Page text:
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Rabbis Address Wedding Notice Dispute

Rabbis Address Wedding Notice Dispute

A meeting of about 35 rabbis and Jewish community leaders with The Jewish Standard's editor and publisher "was a good first step" in addressing the controversy over the New Jersey paper's decision to cease publishing same-sex wedding announcements, according to Rabbi David-Seth Kirshner (pictured), although whether the paper will resume carrying the notices remains to be seen.

"No one was coming in with an ultimatum that it had to be a certain way," Kirshner told The Record of Bergen County, N.J., of the meeting, held Thursday. "It was about compassion and understanding and tolerance and about listening. ... We definitely had a lot of emotion, but also reason and compassion."

The Standard, New Jersey's oldest Jewish weekly, announced this week that it would stop carrying same-sex wedding notices after a group of Orthodox rabbis objected to the paper's first publication of such a notice the previous week.

However, while Orthodox Judaism opposes homosexuality and same-sex marriage, the other major branches of Judaism -- Conservative, Reform, and Reconstructionist -- are more accepting of gays and allow rabbis to conduct same-sex union ceremonies, and some have called for extending civil marriage rights to gay couples. The Standard's decision to cease publishing the announcements led to "attacks from people who criticized the paper for caving to the Orthodox rabbis" and more than 400 negative comments on the paper's website,The Record reported.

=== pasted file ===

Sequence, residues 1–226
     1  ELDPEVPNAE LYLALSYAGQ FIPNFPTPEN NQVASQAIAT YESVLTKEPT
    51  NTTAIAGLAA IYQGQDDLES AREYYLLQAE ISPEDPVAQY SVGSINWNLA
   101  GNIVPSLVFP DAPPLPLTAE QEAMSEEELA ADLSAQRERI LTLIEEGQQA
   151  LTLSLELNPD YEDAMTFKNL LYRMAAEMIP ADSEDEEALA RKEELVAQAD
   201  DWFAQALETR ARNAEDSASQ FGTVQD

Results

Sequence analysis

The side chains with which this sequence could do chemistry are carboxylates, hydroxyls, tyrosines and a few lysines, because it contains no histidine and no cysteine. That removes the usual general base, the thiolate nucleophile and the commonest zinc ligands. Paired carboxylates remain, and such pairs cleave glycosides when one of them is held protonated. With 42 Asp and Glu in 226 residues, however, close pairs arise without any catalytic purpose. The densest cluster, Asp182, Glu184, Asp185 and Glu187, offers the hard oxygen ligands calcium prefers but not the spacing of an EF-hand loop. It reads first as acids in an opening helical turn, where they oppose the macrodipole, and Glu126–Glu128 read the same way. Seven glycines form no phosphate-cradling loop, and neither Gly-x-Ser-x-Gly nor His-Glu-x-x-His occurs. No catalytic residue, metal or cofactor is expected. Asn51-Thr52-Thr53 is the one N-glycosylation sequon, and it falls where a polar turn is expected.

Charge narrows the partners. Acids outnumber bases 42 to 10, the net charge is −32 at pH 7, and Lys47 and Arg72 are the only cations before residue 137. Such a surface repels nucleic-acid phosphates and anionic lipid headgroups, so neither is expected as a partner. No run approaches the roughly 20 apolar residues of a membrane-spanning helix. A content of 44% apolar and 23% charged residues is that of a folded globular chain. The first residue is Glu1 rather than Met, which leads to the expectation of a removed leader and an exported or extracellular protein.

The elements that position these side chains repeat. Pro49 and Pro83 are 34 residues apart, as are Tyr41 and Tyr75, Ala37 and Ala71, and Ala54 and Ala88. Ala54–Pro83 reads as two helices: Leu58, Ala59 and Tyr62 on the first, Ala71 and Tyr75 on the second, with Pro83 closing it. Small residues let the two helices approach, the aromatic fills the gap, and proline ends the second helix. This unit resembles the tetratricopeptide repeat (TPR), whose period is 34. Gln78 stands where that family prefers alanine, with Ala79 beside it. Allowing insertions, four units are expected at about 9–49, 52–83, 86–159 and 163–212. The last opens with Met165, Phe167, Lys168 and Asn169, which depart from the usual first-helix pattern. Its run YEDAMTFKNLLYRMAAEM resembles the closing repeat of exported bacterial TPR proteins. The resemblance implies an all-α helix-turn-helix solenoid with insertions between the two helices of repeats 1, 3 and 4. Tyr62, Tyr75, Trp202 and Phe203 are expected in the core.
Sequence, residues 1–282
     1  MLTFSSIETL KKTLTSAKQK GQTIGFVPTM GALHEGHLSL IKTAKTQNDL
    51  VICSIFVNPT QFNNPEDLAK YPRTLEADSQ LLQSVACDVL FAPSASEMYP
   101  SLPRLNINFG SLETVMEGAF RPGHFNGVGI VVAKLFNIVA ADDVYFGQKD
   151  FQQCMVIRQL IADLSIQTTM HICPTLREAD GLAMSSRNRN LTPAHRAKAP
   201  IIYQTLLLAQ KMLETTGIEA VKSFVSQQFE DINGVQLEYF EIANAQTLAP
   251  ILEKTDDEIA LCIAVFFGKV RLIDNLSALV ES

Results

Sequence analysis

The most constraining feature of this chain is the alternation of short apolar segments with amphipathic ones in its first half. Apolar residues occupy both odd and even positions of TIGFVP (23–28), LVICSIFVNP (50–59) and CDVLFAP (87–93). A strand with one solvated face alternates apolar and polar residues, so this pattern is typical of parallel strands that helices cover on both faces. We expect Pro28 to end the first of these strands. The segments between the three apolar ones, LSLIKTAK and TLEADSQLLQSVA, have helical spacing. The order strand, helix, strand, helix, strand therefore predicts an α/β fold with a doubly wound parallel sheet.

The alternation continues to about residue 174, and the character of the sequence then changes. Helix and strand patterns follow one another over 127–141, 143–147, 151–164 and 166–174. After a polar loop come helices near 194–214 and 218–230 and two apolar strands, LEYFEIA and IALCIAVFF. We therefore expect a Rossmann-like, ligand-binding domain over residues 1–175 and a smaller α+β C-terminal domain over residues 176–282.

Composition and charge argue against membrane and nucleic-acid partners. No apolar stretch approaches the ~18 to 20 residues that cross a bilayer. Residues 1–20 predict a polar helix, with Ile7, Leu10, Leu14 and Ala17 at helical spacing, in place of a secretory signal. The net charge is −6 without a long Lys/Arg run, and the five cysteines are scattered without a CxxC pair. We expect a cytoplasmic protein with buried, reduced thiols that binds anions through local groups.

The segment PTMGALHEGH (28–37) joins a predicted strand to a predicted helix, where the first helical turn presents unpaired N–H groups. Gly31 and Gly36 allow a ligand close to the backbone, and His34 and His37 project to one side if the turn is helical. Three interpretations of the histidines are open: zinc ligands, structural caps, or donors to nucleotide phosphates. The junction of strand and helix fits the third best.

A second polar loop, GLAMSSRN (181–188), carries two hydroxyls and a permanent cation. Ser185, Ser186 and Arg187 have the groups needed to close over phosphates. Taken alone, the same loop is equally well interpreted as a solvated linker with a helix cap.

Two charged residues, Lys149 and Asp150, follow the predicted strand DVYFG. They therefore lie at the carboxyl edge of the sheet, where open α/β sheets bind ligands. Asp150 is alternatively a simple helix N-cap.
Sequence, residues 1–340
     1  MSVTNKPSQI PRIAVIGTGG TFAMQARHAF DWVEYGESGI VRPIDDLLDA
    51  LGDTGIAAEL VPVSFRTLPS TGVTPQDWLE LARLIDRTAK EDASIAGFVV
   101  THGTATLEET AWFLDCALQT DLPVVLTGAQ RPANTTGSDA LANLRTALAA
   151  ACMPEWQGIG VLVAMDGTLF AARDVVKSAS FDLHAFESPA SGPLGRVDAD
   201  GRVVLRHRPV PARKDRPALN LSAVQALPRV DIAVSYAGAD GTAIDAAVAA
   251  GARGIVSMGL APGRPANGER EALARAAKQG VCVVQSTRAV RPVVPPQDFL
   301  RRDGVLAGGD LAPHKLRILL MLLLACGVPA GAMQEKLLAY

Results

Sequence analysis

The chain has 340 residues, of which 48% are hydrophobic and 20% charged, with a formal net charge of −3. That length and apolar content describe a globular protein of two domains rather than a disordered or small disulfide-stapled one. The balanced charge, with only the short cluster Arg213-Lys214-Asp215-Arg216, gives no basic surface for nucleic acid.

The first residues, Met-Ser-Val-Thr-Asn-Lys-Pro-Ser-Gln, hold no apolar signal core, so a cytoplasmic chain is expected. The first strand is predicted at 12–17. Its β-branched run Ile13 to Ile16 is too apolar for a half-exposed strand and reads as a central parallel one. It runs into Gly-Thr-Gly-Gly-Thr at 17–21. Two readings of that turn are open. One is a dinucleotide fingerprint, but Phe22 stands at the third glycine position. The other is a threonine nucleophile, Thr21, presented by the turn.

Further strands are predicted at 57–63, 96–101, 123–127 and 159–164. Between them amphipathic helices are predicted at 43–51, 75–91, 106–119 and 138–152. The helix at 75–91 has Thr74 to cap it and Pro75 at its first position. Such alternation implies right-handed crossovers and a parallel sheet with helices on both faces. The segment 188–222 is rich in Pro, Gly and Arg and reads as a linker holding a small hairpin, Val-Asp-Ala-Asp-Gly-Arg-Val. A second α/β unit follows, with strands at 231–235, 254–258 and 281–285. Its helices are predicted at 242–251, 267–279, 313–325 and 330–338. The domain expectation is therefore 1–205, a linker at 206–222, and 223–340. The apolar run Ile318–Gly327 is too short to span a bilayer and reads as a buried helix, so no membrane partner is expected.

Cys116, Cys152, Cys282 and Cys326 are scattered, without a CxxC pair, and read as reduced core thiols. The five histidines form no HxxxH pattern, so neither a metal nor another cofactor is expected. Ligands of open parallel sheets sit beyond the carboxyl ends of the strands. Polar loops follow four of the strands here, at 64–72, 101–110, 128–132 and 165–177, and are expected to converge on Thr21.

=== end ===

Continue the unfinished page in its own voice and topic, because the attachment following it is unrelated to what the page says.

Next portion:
Standard publisher James Janoff would not say if the paper would resume carrying same-sex wedding announcements, but told The Record that executives would continue meeting with clergy and other Jewish leaders to determine how the paper "can best serve the diverse interests of a varied constituency while remaining true to its editorial mission."

Kirshner, a Conservative rabbi, said the rabbis and community leaders would continue to meet whether or not the newspaper was involved, as all the branches of Judaism need to figure out a way to celebrate their commonalities while respecting one another's differences. "This is a bigger issue than just the paper and the marriage notices," he said.

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